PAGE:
Causal powers from a metaphysical point of view

ontology revisited

A number of scholars who are interested in causation have recently expressed new interest in the concept of causal powers. This makes sense in a very straightforward and commonsensical way. But it also raises some difficult questions about metaphysics: how are we to think about the underlying nature of reality such that things, events, or conditions have “causal powers”? These questions raise issues that a number of talented philosophers are now taking on in a systematic way. Particularly interesting are recent writings by Ruth Groff, who represents a wave of contemporary thinking in metaphysics that aims to revitalize portions of Aristotle’s views of causation in opposition to Hume’s.

Groff’s work on causal powers is sustained over a number of recent works, including especially her 2012 book Ontology Revisited: Metaphysics in Social and Political Philosophy (Ontological Explorations), her introduction and chapter in Greco and Groff, eds., Powers and Capacities in Philosophy: The New Aristotelianism, and her contribution to Illari, Russo, and Williamson, Causality in the Sciences. Groff emphasizes a broad clash of perspectives between a Humean theory of causation (“constant conjunction, no necessary relations among things or events”) and a neo-Aristotelian theory (“things have powers, powers underlie causal relations among things and events”). Here is how she and Greco put the perspective of the “New Aristotelianism” in Powers and Capacities:

Humeanism is now under serious pressure within analytic metaphysics. In particular, after having been dismissed for generations as so much antiquated animism, the loosely-Aristotelian theorizing of real causal powers has now come to be a major focus of research within the specialty. (kl 204)

Moreover, Groff believes that American social sciences are still largely in the grip of the Humean metaphysics.  In “Getting Past Hume” in Causality in the Sciences, she writes:

One can’t help but wonder what the outcome would actually be, were there to be a floor-fight on the question, i.e., a substantive debate within analytic philosophy and methodology of social science on the merits of Humean anti-realism about causality versus the merits of a powers-based, realist account of causality.

What is significant about all of this for my own argument is not so much that Humeanism continues to be the default ontology of especially American, often positivist, social science; but rather that it can be combined with the idea that it is not — i.e., with the idea that competing versions of regularity theory somehow differ in a deep way, or that it is possible to remain neutral on what causality is, whilst engaging in causal explanation.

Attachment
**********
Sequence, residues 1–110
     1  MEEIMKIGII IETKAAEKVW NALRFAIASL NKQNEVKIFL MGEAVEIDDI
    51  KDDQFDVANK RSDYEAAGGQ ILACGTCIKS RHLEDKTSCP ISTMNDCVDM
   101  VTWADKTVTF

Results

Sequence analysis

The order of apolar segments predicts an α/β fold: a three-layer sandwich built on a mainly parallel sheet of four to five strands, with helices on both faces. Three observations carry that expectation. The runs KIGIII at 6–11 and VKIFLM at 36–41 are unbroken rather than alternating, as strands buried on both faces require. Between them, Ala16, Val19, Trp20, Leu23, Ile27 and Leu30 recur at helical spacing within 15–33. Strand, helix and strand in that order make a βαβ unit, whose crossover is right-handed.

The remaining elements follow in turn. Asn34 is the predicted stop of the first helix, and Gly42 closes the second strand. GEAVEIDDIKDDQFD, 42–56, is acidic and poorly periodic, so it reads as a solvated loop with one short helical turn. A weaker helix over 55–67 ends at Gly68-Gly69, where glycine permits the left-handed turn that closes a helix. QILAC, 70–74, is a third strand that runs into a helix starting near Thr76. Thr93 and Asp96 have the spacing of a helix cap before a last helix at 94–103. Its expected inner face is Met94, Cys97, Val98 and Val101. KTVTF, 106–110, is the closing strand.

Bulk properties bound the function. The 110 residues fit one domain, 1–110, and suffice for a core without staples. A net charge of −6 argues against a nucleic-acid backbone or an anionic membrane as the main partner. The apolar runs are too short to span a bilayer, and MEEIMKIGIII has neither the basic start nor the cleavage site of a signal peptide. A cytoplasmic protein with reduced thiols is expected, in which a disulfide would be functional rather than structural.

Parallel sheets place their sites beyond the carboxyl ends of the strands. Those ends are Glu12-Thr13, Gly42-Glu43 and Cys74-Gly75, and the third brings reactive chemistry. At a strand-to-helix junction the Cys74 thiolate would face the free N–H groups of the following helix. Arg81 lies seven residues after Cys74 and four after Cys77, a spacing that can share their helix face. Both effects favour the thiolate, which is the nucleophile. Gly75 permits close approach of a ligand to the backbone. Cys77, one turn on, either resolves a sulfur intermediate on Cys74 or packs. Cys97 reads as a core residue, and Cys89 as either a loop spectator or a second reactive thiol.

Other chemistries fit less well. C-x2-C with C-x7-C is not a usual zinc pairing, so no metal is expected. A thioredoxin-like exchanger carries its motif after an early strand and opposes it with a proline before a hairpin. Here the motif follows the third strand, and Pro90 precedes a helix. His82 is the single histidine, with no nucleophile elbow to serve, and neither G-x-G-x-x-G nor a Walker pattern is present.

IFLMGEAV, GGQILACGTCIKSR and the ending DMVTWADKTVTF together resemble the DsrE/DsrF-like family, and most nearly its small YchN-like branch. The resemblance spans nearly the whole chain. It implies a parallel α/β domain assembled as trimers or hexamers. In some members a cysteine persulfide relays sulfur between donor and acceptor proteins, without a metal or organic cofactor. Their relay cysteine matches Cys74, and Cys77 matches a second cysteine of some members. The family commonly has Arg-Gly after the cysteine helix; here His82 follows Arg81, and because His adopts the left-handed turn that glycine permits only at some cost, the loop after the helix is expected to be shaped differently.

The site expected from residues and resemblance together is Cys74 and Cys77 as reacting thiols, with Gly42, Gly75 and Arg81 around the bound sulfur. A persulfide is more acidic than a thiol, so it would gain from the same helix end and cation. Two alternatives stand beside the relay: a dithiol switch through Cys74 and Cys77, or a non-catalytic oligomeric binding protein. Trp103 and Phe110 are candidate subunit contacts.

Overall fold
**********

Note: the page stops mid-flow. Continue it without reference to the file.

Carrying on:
This poses a stark contrast; either you are positivist, anti-realist, and Humean or you are anti-positivist, realist, and neo-Aristotelian.  However, it is worth observing that there seem to be two currents of realist thought that reject Humean causation, not just one: the powers ontology that Groff (and Mumford and Anjum in Getting Causes from Powers) advocate; and the causal-mechanisms approach that has been advocated by philosophers and sociologists such as Hedstrom, Elster, and Ylikoski under the broad banner of analytical sociology. One might take the view that the causal-mechanisms approach ultimately requires something like the powers ontology — “How else are we to account for the fact that sparks cause gasoline to explode?”; but on its face, these are two fairly independent realist responses to Hume. And certainly it is difficult to find a neo-Aristotelian predilection among the causal-mechanism advocates.

Groff takes up causal mechanisms theory in “Getting Past Hume” in  Causality in the Sciences. She concedes that this approach — in the hands of Jon Elster and in my own writings, for example — claims to be realist and anti-positivist, in that it rejects the notion that explanation depends on the discovery of general laws. But she doesn’t think that the causal-mechanisms approach actually succeeds in presenting a substantive alternative to the Humean framework on causation: “Upon closer examination, the mainstream mechanisms model is more of the same, metaphysically.”